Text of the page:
Module 1: Skimming Schemes—Cash 112

Module 2: Skimming Schemes—Receivables 117

Module 3: Cash Larceny Schemes 123

Module 4: Noncash Misappropriation Schemes 129

Module 5: Concealing Inventory Shrinkage 134

Module 6: Preventing and Detecting Noncash Thefts That are Concealed by Fraudulent Support 136

Critical Thinking 138

Review Questions 138

Multiple Choice Questions 139

Fraud Casebook 139

Brief Cases 140

Major Case Investigation 140

IDEA Exercises: Assignment 4 141

Tableau Exercises: Assignment 4 141

Endnotes 141

5 Cash Disbursement Schemes 142

Module 1: Billing Schemes 142

Module 2: Check Tampering Schemes 154

Module 3: Payroll Schemes 169

Module 4: Expense Reimbursement Schemes 179

Module 5: Register Disbursement Schemes 186

Critical Thinking 190

Review Questions 190

Multiple Choice Questions 190

Fraud Casebook 191

Brief Cases 191

Major Case Investigation 192

IDEA Exercises: Assignment 5 192

Tableau Exercises: Assignment 5 192

Endnotes 192

6 Corruption and the Human Factor 193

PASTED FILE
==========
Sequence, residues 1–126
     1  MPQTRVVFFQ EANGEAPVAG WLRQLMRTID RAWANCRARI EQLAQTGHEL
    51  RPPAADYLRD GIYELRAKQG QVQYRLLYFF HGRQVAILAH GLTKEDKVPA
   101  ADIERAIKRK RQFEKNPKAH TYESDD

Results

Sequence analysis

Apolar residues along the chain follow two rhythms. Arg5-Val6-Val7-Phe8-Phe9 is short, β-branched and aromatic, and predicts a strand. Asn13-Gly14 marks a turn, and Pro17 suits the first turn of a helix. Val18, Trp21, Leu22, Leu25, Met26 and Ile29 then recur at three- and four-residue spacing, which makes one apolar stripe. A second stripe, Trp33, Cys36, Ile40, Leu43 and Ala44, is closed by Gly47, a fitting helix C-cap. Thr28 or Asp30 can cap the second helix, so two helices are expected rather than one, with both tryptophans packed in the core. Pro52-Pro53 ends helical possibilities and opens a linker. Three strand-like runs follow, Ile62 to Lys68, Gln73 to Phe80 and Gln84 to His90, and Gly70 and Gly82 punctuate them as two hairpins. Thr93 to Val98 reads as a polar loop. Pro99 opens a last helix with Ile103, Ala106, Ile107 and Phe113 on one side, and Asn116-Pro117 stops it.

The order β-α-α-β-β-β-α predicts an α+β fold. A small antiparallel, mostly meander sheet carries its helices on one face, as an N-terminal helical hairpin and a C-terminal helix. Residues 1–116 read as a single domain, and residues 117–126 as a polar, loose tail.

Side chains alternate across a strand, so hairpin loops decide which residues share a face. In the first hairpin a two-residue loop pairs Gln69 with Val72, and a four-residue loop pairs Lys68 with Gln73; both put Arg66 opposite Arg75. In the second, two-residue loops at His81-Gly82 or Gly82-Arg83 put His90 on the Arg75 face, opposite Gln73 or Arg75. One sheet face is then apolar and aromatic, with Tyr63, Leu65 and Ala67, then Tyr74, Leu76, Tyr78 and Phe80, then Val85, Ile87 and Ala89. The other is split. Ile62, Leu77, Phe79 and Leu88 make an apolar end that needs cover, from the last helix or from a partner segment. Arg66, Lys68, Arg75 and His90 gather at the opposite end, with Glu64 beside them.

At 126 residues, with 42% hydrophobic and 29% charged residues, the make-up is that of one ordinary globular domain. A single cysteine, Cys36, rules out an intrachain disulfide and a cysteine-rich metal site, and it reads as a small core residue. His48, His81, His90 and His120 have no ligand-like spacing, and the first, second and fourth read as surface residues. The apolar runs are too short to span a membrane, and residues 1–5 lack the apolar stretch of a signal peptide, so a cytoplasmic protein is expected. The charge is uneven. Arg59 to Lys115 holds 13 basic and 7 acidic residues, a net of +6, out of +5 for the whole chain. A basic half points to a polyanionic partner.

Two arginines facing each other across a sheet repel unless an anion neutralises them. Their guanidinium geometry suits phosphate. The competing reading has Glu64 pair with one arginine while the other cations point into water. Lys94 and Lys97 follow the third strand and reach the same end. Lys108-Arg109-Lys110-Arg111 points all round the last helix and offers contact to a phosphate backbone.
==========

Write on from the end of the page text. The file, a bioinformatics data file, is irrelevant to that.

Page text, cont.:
Module 1: Corruption Schemes 194

Module 2: Bribery 195

Module 3: Foreign Corrupt Practices Act (FCPA) 203

Module 4: Illegal Gratuities, Economic Extortion, and Conflicts of Interest 205

Module 5: The Human Factor 210

Critical Thinking 213

Review Questions 213

Multiple Choice Questions 214

Fraud Casebook 214

Brief Cases 215

Major Case Investigation 215

IDEA Exercises: Assignment 6 216

Tableau Exercises: Assignment 6 216

Endnotes 216

7 Financial Statement Fraud 217

Module 1: Financial Reporting Fraud: Who, Why, and How 218

Module 2: Accounting Principles and Fraud 220

Module 3: Fraudulent Financial Statement Schemes 228

The Capital Forum 234

Module 4: Detection of fraudulent financial statement schemes 242

Module 5: Deterrence of Financial Statement Fraud 249

Critical Thinking 252

Review Questions 252

Multiple Choice Questions 252

Fraud Casebook 253

Brief Cases 253

Major Case Investigation 255

IDEA Exercises: Assignment 7 255

Tableau Exercises: Assignment 7 255

Endnotes 255

Section III Detection and Investigative Tools and Techniques 257

8 Fraud Detection: Red Flags and Targeted Risk Assessment 259

The Fraud Prompt—Simple and Effective 259